[PATCH RFC] clk: Introduce userspace clock driver
mturquette at linaro.org
Tue May 14 12:46:11 EDT 2013
Quoting Sören Brinkmann (2013-05-13 10:58:49)
> On Mon, May 13, 2013 at 07:37:23PM +0200, Sebastian Hesselbarth wrote:
> > On 05/13/13 19:24, Sören Brinkmann wrote:
> > >On Mon, May 13, 2013 at 06:21:13PM +0200, Sebastian Hesselbarth wrote:
> > >>>Well, that driver actually exists. But that just programs a bitstream
> > >>>you give it to program. It does not know anything about the design it
> > >>>programs and cannot make any kind of decision whether the clocks should
> > >>>be userspace controlled or not.
> > >>
> > >>what Mark wants to point out is that you add fabric clocks to the Xilinx
> > >>driver instead. This way, you will have user-space controllable clocks
> > >>but only if you loaded the xilinx driver first.
> > >What "Xilinx driver", are we talking about?
> > The device config driver you mention below.
> > >>IIRC the fabric clock controller provided by Zynq _is_ always there and
> > >>accessible from ARM CPUs. You just don't have a new generic driver
> > >>allowing to poke with all clocks, but a xilinx only driver allowing you
> > >>to set the (xilinx only) fabric clocks.
> > >Right.
> > >
> > >>I've played with Zynq a while ago, did Xilinx mainline the bitfile
> > >>driver already? If not, why don't you give it a shot?
> > >The device config driver is not in mainline, AFAIK. And I think it's in
> > >rather bad shape and needs a lot of work before it is upstreamable. But
> > >this is probably the right place to put this.
> > It is, as it will only expose clocks on Zynq and that's what Mark and
> > Mike are worried about. Expose clocks to user space and you will have
> > people mess with it for sure.
> Well, even if you contain it in that driver you can still mess with
> other clocks. Just give it the "wrong" input clock references in DT and
> you are free to control them. As I said before, there is no protection
> against such misuse.
My objections are not about creating the most secure platform ever. My
objections are about lowering the barrier of entry for folks to misuse
the clk api. Clearly anyone that can compile a kernel and flash it to a
device can misuse anything they want. Likewise if someone can compile a
DTB and flash it then there is another vector for misuse.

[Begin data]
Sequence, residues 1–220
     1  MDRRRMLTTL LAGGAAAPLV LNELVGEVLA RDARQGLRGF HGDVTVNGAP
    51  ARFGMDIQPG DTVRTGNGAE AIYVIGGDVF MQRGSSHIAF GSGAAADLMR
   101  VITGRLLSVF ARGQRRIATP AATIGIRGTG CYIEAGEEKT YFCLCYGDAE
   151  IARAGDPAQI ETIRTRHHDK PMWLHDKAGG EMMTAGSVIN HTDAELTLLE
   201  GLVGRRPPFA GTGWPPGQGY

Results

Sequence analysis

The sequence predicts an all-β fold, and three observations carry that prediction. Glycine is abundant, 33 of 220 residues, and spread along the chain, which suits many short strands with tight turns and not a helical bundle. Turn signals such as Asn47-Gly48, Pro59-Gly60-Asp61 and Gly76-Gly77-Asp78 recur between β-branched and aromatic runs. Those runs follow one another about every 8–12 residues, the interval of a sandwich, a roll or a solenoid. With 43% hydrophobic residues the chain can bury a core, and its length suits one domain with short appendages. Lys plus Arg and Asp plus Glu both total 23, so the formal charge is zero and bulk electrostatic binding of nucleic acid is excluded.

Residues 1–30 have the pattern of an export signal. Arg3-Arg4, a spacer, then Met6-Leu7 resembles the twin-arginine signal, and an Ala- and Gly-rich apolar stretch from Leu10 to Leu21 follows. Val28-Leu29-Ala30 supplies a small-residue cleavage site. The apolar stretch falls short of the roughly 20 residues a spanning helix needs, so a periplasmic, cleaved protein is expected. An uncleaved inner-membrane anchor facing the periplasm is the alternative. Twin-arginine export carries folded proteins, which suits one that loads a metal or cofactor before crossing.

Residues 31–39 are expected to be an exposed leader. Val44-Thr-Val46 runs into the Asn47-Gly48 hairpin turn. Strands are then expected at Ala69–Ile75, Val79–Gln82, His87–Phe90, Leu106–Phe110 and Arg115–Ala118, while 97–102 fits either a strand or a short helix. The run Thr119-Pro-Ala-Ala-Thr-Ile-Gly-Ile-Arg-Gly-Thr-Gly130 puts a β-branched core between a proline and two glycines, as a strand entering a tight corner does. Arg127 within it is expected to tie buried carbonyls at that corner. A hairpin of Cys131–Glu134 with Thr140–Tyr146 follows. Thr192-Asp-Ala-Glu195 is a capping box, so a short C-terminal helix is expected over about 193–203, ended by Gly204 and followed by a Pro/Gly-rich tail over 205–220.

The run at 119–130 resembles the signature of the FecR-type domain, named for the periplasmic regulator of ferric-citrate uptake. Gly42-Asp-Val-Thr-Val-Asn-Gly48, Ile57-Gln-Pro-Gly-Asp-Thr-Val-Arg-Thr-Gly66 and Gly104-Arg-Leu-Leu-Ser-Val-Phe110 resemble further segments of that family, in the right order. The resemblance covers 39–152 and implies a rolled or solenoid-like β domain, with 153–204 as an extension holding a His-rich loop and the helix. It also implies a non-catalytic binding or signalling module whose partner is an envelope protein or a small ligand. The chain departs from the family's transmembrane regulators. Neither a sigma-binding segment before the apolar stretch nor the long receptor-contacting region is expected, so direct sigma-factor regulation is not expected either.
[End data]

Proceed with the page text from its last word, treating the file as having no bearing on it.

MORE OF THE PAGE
However, making an api available to any userspace application
substantially lowers the barrier to misuse. Physical access to the
device is no longer needed in case of flashing new stuff to nand, or
emmc or whatever. And by misuse I do not only mean people trying to
steal your credit card (I would be impressed if controlling clocks was a
part of that!), but I do not want to encourage vendors to implement crap
userspace drivers to control clocks instead of upstreaming proper Linux
device drivers. And it is clearly possible to destroy a device with
irresponsible clock control.
While most of us agree that exposing clock controls to userspace is
useful for debugging, at this point I do not think the positive aspects
of mainlining the feature are strong enough to overcome the negative
I'm sure implementations of this functionality will exist out-of-tree
(as pointed out by Peter), but not everything should be merged to
> > About the shape of it, I didn't expect that to change at all. Just
> > wondering, if it still requires you to manually end it's endianess
> > mess with the bitfiles. If you go at it, consider reading the magic
> > hidden in the bitfile and swap it when it is required. But that will
> > go OT here.
> It still takes byteswapped, binary images as input, unfortunately.
> > >On the other hand, currently this driver is only required for
> > >programming the FPGA from Linux, which is not required. One of the
> > >bootloaders could do this for you earlier.
> > Well, exposing clocks to user space is not required _at all_ on all
> > other platforms you can think of. So, if you have a Zynq, you can
> > always load a Zynq driver even if you are not going to use it's
> > bitfile programming capabilities but only to configure clocks.
> > If you don't want to merge both drivers, have a Zynq-only clock
> > fabric driver instead?
> That was my original intention. But due to the nature of it, it will
> always be possible to use it with other clocks too. Hence my generic
> I actually like the idea of making it part of the device config driver.
> The downside of it is, that this driver seems a bit far from mainline.
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